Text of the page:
MAK Legion Capabilities
MAK Legion Capabilities
Click through the red tabs below or download the MAK Legion Capabilities document to learn about MAK Legion.
Today’s simulations require millions of high-fidelity entities to support representation of megacities, crowds, and large brigade and above training scenarios. Scaling distributed simulation exercises has been envisioned for many years. Achieving such scales requires a design that looks at the entire system, to include the simulation engines and a framework for interoperability that will support the needs of high performing client systems.
The current distributed simulation frameworks were not really designed for this level of scale, nor did they consider operation in a cloud-based, client-sever paradigm (similar to Massive Multiplayer Online Games (MMOGs)).
The US Army Synthetic Training Environment program asked MAK to develop a next-generation framework as part of the Common Synthetic Environment (CSE) OTA. The result of this effort was a prototype high performance scalability framework called Legion.
MAK is continuing development and productization and is supporting the Simulation Interoperability Standards Organization (SISO) to make Legion a standard for the entire distributed simulation community.
The Legion framework has three main components:
- The Data Store Library – which supports the implementation of efficient, multi-threaded simulation applications
- The Network Library – which efficiently communications state updates and events between participating applications
- The Entity Server – which maintains and serves authoritative state for entities based on client interest
The two libraries (Data Store and Network) are what you would use to link your participating federate into a simulation with potentially millions of entities.
Legion Data Store Library
The Legion Data Store Library addresses an important component of scalability: the ability of simulations to massively increase the number of entities each simulation engine can simulate by parallelizing access to the entity state and interaction Data Store.
Enabling Massively Parallel Simulation
Many traditional simulation engines are not able to take full advantage of today’s multi-core hardware. Such systems use a single simulation execution thread that executes one task at a time.
A more efficient approach is to process entity tasks in parallel, taking better advantage of multiple cores and allowing the application to represent many more entities for each frame.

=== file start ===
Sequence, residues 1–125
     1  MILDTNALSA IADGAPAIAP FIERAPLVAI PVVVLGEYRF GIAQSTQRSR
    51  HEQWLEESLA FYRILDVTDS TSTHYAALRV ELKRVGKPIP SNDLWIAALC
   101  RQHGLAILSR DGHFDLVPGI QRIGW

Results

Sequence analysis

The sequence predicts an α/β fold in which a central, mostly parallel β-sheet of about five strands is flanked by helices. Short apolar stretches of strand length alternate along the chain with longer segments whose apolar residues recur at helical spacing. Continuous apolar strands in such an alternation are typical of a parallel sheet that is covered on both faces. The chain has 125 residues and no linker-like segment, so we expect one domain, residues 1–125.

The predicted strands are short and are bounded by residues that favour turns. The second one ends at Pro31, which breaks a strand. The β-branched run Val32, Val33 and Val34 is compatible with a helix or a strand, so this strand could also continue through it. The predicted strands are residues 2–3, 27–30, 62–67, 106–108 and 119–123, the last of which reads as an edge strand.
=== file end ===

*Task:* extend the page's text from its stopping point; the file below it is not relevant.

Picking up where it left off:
The Problem: Multi-Threading Issues
A challenge with multi-threading is that when one thread may be writing the state of an entity, another thread may also be reading it. Using locking to prevent this problem creates bottlenecks in execution and reduces the overall performance of the execution – basically, reducing the performance gains that multi-threading was meant to achieve.
The Solution: Double-Buffering
The solution is to implement a double-buffering scheme where simulations read from the current frame’s copy while writing to the next frame’s copy. Once the entities have been updated in the current frame, the next frame becomes the current frame. This ensures the framework is threadsafe.
Making the Data Store part of the framework, versus part of a federate’s implementation, allows any application using the framework to benefit from this multi-threading capability.
Legion Data Store Application Programmer Interface (API)
Legion provides a simple Object-Oriented API to the Data Store, allowing applications to interface with the framework while shielding the application from the details of double buffering. Large numbers of entities can be simulated without concern for locking or synchronization issues. Implementing the Legion API does not, however, impose a requirement that the application use multi-threading. Even applications that are not multi-threaded can use the framework. Single-threaded applications will just not get the full performance benefit of this part of the Legion architecture.
Legion’s Data-Oriented Design is a significant contributor to the overall efficiency of the Legion framework. Arranging the entity data into large, contiguous blocks of memory allows efficient use of the computer’s memory cache. Allowing the application to iterate over many entities without needing to move data in and out of the cache (“cache misses”) reduces the processing overhead, thus reducing the time needed to process each entity.
Summary of Legion Data Store - Key Points
To summarize the Legion Data Store Library:
- The Data Store Library is a standard, optimized, multithread-safe way for applications to store and access state data, that also doesn’t require the applications to be multithreaded.
- The Data Store Library is not dependent on the Network Library. Because of this, the Legion Data Store Library can be used to improve the performance of high volume simulation engines that are non-networked or that use different distributed simulation standards, such as DIS and HLA.